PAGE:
Anti-proliferative effects of lichen-derived lipoxygenase inhibitors on twelve human cancer cell lines of different tissue origin in vitro.
Planta Med. 2004 Nov;70(11):1098-100. PMID: 15549672
Molecular and Cell Biology Research Laboratory, Icelandic Cancer Society, Reykjavík, Iceland.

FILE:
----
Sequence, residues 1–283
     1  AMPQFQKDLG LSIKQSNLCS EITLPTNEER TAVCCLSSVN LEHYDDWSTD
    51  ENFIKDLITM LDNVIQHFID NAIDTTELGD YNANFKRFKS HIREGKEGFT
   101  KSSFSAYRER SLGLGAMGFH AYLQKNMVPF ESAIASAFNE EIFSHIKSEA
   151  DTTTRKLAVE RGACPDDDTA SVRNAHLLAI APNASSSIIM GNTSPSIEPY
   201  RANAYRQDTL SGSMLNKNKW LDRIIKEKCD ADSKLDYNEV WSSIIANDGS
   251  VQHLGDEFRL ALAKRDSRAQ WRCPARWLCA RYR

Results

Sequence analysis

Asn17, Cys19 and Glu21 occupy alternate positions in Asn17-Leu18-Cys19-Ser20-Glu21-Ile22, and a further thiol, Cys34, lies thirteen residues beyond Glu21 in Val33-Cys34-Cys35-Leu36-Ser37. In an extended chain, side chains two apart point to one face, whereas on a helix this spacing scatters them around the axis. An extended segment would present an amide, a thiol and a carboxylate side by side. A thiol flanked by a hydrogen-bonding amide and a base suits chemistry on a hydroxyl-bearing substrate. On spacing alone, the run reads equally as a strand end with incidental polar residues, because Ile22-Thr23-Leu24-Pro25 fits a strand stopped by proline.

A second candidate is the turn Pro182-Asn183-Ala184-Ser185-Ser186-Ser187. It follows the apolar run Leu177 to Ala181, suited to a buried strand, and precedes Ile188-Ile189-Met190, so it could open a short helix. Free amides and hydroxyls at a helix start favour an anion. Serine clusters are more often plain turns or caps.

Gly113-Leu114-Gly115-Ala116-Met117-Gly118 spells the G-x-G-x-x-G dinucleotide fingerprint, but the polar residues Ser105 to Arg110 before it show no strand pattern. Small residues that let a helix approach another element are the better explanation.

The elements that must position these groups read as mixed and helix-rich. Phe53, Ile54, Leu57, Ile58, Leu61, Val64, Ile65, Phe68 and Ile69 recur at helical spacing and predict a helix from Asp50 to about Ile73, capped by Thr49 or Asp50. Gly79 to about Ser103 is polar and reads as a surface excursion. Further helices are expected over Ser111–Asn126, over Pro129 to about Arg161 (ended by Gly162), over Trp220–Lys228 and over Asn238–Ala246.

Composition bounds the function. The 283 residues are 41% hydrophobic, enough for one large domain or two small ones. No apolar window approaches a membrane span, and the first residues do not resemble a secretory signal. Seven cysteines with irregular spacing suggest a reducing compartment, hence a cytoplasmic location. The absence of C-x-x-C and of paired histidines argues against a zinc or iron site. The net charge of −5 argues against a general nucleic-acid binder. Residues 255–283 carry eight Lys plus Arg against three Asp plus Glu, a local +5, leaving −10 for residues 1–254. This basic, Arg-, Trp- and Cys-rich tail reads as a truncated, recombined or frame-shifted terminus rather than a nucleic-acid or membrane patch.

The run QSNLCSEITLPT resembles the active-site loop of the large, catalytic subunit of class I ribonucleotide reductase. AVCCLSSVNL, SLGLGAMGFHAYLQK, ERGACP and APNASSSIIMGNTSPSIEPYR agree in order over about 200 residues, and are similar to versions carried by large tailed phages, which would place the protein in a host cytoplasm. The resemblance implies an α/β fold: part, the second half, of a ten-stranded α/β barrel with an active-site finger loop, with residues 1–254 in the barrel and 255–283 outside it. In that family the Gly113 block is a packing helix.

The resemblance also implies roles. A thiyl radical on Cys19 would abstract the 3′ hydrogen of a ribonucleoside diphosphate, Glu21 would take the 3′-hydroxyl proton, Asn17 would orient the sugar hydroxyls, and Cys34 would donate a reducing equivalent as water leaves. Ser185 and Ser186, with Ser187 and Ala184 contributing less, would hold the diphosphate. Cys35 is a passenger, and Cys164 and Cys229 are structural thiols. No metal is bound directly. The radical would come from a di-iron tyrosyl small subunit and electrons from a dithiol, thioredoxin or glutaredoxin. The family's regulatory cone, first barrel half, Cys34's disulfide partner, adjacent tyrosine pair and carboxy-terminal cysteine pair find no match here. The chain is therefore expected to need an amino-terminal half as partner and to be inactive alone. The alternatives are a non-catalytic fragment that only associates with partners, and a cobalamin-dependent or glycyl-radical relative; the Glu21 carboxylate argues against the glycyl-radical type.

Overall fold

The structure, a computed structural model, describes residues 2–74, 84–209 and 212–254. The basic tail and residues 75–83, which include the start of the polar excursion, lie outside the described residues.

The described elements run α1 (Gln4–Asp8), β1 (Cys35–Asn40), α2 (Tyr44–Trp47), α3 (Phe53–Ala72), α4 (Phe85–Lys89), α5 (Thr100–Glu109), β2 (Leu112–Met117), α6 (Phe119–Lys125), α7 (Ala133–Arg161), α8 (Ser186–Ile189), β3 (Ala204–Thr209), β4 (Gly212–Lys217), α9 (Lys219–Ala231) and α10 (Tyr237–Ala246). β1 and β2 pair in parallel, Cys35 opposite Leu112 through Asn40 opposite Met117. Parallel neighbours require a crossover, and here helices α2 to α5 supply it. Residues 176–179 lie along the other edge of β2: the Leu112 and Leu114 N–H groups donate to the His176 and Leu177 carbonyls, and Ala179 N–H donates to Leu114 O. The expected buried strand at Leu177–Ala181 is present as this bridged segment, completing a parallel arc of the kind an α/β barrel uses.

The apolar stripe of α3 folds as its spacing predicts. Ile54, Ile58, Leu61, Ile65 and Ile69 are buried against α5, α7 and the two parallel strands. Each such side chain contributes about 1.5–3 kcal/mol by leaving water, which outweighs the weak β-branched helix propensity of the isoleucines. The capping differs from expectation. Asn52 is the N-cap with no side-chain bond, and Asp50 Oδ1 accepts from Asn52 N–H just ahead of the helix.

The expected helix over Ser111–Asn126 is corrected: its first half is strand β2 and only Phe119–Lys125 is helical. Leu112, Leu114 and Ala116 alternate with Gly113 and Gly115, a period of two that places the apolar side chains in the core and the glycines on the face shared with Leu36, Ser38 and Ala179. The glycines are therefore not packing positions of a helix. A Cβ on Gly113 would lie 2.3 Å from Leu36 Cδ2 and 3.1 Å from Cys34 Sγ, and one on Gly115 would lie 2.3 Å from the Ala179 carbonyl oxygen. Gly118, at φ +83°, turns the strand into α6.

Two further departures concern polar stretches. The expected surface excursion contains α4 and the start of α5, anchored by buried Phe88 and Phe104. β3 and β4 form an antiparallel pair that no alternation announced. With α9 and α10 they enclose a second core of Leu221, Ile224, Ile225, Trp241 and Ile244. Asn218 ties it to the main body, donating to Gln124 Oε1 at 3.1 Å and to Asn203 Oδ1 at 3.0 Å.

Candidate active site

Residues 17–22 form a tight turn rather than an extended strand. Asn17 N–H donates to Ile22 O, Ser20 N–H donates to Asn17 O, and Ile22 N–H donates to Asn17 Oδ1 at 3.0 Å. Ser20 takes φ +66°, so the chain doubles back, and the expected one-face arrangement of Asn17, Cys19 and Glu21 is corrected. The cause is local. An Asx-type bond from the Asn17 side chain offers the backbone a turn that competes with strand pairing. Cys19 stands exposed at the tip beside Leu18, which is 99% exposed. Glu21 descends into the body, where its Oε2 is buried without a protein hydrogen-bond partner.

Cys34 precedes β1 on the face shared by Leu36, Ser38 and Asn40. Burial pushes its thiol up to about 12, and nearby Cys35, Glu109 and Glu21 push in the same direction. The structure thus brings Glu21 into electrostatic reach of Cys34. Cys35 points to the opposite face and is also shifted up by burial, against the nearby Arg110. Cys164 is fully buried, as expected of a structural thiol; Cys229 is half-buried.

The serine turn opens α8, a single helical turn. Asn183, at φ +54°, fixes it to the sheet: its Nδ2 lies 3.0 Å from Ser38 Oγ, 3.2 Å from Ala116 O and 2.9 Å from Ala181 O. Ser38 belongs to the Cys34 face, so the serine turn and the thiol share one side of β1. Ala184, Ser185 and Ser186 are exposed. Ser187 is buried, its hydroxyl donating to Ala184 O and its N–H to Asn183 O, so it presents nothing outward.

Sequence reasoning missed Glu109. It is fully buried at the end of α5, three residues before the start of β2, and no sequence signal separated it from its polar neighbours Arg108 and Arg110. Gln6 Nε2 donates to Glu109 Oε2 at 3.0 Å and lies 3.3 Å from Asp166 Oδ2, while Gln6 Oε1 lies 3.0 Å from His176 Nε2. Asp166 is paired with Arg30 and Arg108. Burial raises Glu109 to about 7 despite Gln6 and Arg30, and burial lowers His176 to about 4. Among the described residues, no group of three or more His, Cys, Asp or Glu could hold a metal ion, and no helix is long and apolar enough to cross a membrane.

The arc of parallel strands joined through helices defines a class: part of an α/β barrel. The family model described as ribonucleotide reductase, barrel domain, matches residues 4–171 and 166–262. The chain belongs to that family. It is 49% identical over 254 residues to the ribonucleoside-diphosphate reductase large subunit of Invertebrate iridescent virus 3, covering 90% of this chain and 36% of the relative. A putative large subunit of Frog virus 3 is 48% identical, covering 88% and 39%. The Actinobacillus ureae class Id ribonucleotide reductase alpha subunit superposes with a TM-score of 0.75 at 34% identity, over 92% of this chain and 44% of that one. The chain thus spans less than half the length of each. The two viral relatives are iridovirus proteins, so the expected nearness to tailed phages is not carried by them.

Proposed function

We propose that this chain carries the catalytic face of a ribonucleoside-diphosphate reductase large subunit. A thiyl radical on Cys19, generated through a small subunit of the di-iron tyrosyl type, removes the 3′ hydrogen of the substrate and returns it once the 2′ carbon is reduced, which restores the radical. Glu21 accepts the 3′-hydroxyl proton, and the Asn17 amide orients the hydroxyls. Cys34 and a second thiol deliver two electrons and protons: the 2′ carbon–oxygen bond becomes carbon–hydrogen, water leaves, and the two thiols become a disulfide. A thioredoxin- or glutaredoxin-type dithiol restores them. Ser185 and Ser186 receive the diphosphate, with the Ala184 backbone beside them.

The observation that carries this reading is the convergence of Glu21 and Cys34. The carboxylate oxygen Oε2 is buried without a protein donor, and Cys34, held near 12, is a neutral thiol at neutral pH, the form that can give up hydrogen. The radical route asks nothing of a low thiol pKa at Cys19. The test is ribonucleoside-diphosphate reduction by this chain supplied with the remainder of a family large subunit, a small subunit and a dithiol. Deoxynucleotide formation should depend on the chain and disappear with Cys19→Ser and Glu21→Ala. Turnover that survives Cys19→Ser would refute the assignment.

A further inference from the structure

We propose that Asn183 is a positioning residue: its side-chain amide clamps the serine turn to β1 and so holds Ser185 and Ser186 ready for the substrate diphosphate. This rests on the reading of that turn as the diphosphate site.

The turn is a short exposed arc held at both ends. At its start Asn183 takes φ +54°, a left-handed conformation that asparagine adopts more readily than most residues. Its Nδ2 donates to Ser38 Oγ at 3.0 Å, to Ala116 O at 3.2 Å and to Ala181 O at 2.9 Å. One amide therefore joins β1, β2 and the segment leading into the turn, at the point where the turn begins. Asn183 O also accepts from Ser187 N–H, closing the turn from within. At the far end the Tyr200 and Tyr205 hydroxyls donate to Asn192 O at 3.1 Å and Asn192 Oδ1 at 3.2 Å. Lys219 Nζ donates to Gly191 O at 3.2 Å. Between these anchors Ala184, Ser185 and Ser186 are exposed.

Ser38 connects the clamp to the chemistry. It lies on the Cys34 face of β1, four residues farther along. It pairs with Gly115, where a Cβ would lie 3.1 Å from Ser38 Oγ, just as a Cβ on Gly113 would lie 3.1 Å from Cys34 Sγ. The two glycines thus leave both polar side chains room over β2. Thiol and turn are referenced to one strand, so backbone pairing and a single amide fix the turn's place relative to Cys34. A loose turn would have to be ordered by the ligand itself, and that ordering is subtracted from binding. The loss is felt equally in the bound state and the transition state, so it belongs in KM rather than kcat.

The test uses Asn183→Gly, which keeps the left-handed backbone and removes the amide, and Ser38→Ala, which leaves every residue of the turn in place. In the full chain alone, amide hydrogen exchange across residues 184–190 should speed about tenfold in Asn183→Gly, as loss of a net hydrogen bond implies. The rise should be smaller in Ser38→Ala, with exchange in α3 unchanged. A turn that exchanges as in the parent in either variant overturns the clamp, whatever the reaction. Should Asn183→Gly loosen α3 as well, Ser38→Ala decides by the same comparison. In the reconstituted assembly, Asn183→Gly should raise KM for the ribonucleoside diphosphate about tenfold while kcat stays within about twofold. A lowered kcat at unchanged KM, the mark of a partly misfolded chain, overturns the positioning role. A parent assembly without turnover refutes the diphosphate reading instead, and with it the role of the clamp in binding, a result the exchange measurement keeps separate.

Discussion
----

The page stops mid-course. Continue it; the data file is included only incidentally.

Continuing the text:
Lipoxygenases (LOXs) have been implicated in carcinogenesis in various cancer types. In the current study, three structurally different lichen metabolites, protolichesterinic acid (1), lobaric acid (2) and baeomycesic acid (3) were tested for anti-proliferative effects against 12 different human cancer cell lines. All compounds have known in vitro 5-LOX inhibitory activity, and 1 and 2 also inhibit 12-LOX. The activity of the lichen metabolites was compared to that of a specific 5-LOX inhibitor, zileuton (4). The following cancer cell lines were tested: Capan-1, Capan-2 and PANC-1 (all from pancreas), T47-D (breast), PC-3 (prostate), NCI-H1417 (small cell lung), NIH:OVCAR-3 (ovary), AGS (stomach), WiDr (colorectal), HL-60, K-562 and JURKAT (acute promyelocytic, erythro- and T-cell leukemia, respectively). Compound 1 showed the greatest inhibitory effect against all cell lines, with EC50 ranging from 2.4-18.1 microg mL(-1) (7.4-55.8 microM), followed by 2, with EC50 of 15.2 - 65.5 microg mL(-1) (33.2-143.6 microM). The effects of 3 and 4 were of similar orders of magnitude, with EC50 of 28.7 ->80 microg mL(-1) (76.8 ->213.9 microM) and 12.9 ->80 microg mL(-1) (50.4 ->313.7 microM). The dual 5- and 12-LOX inhibitors 1 and to some extent 2 thus exert significant anti-proliferative effects against a variety of human cancer cell lines, while the selective 5-LOX inhibitors 3 and 4 are considerably less active.